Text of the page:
Leaders vs managers are they really different?

The debate between leadership and management has been raging for decades! The distinction between management a leadership is useful one. It gives us way to understand the role of a leader. It provides a framework to reflect on our behaviour and to answer the question “are we leading?” 

In this post we’ll explore the differences between managers and leaders.

”There is a profound difference between management and leadership, and both are important. To manage means to bring about, to accomplish, to have charge of or responsibility for, to conduct. Leading is influencing, guiding in a direction, course, action, opinion. The distinction is crucial” – Warren Bennis

Warren Bennis in his famous book “On Becoming a Leader” describes the difference between managers and leaders as follows:

  • The manager administers; the leader innovates.
  • The manager is a copy; the leader is an original.
  • The manager maintains; the leader develops.
  • The manager focuses on systems and structure; the leader focuses on people.
  • The manager relies on control; the leader inspires trust.
  • The manager accepts reality; the leader investigates it.
  • The manager has a short-range view; the leader has a long-range perspective.
  • The manager asks how and when; the leader asks what and why.
  • The manager has his or her eye always on the bottom line; the leader has his or her eye on the horizon.
  • The manager imitates; the leader originates.
  • The manager accepts the status quo; the leader challenges it.
  • The manager is the classic good soldier; the leader is his or her own person.
  • The manager does things right; the leader does the right thing.

This is a great list. Its job is to cause us to pause a reflect on our behaviour and ask ourselves “Where am I spending the majority of my time? Am I more focused on the items on the left or the ones on the right?

Another influential management thinker who has explored the distinction between management and leadership is John Kotter, author of “John P. Kotter on What Leaders Really Do”, In this book John Kotter makes the following observations:

  • “Leadership and management are two distinctive and complementary systems of action… Both are necessary for success in an increasingly complex and volatile business environment.”
  • “Most U.S. corporations today are overmanaged and underled.”
  • “Strong leadership with weak management is no better, and is sometimes actually worse, than the reverse.”
  • “Management is about coping with complexity…. Without good management, complex enterprises tend to become chaotic… Good management brings a degree of order and consistency….”
  • “Leadership, by contrast, is about coping with change… More change always demands more leadership.”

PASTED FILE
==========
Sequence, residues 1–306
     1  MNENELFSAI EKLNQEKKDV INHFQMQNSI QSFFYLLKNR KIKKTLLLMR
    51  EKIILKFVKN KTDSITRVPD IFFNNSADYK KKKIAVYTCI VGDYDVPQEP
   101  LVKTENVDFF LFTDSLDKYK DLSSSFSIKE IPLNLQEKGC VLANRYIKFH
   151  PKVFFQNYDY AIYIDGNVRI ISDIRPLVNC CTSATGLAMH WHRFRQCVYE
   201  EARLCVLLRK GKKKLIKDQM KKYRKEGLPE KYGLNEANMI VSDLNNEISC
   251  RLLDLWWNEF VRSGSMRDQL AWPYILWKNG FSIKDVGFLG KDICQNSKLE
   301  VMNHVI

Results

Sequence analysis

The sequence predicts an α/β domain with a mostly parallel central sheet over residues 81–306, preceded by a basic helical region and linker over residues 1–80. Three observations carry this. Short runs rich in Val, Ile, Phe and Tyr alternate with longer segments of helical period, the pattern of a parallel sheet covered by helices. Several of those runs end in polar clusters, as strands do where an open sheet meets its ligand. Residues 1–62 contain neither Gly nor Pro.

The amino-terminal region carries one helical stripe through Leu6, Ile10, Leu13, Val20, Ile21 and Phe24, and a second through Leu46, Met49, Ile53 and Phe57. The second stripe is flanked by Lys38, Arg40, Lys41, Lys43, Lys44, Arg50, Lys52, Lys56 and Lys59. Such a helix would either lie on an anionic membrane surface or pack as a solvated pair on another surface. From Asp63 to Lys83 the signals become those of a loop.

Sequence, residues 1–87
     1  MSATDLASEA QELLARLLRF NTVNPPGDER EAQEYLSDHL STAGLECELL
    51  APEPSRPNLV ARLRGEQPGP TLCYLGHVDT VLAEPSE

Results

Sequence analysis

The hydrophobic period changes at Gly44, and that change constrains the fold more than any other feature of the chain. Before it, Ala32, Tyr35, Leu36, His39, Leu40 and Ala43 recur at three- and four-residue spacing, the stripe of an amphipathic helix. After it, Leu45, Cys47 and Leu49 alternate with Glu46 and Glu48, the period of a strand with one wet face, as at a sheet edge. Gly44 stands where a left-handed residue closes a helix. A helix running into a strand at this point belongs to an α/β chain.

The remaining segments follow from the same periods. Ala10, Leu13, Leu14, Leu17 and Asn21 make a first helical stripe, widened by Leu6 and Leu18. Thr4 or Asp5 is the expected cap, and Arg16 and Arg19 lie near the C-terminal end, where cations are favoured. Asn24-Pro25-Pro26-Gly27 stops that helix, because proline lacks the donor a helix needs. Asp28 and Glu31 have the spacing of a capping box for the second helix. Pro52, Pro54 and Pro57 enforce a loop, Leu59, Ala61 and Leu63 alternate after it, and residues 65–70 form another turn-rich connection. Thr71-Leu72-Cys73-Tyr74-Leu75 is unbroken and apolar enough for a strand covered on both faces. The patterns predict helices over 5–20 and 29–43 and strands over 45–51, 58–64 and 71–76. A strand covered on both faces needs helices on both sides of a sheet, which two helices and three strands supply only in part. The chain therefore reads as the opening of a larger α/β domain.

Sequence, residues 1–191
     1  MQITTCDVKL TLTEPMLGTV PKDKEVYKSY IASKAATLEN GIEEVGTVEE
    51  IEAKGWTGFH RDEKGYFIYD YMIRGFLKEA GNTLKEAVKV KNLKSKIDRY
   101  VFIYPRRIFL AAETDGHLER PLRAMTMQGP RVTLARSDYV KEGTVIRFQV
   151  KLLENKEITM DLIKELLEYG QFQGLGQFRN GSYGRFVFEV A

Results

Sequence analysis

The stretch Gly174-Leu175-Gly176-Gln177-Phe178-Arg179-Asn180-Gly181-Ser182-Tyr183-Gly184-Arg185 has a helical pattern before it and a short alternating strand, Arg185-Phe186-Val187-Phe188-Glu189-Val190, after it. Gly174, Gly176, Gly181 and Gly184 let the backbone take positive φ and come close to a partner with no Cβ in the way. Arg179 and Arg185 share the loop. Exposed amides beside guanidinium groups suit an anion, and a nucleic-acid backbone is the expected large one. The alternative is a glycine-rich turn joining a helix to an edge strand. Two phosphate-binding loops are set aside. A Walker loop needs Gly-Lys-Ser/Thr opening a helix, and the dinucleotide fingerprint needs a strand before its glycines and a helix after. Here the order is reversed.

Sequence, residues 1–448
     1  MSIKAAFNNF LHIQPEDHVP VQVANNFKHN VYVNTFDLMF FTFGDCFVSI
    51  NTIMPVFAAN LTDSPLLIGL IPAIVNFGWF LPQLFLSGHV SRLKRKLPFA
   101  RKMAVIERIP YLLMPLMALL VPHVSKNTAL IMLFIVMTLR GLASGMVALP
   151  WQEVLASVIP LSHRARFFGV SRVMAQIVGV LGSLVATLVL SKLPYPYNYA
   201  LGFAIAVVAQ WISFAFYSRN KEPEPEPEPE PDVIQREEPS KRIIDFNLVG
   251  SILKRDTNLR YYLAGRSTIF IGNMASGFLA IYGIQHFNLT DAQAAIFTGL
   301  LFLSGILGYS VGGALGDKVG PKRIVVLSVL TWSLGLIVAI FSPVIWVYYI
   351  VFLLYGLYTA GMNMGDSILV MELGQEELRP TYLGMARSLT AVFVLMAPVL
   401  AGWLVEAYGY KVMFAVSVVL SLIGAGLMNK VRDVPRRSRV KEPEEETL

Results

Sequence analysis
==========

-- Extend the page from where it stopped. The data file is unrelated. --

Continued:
• “Companies manage complexity by planning and budgeting, by organizing and staffing, and by controlling and problem solving. By contrast, leading an organization to constructive change involves setting a direction (developing a vision of the future and strategies to achieve the vision), aligning people, and motivating and inspiring them to keep moving in the right direction.”

One important point that John Kotter makes is that:

“Leadership and management are two distinctive and complementary systems of action… Both are necessary for success in an increasingly complex and volatile business environment.”

The fact is that leadership and management are both important, they are two distinctive systems of action, both are necessary as each seeks to do different things.

On this topic, Jim Estill posted this great quote on his blog, “ CEO Blog — Time Leadership ” citing a classic article from Harvard Business Review by Abraham Zaleznik in 1977 that discusses Leaders vs. Managers:

“The difference between managers and leaders, he wrote, lies in the conceptions they hold, deep in the psyches, of chaos and order. Managers embrace process, seek stability and control, and instinctively try to resolve problems quickly — sometimes before they fully understand a problem’s significance. Leaders, in contrast, tolerate chaos and lack of structure and are willing to delay closure in order to understand the issues more fully in this way, Zalenznik argued, business leaders have much more in common with artists, scientists and other creative thinkers than they do with managers. Organizations need both managers and leaders to succeed, but developing both requires a reduced focus on logic and strategic exercises in favour of an environment where creativity and imagination are permitted to flourish.”

In the end, we need to be good at leading first and managing second, the why and the what, then only, the how and the when!

Reflect on your behaviour over the past month and ask yourself:

  • Where do you find yourself spending the majority of your time? Managing or leading?
  • Given that most organisations are “over managed and under led“, What two management tasks can delegate this week?
  • What two leadership behaviours do you need to focus on and improve this week?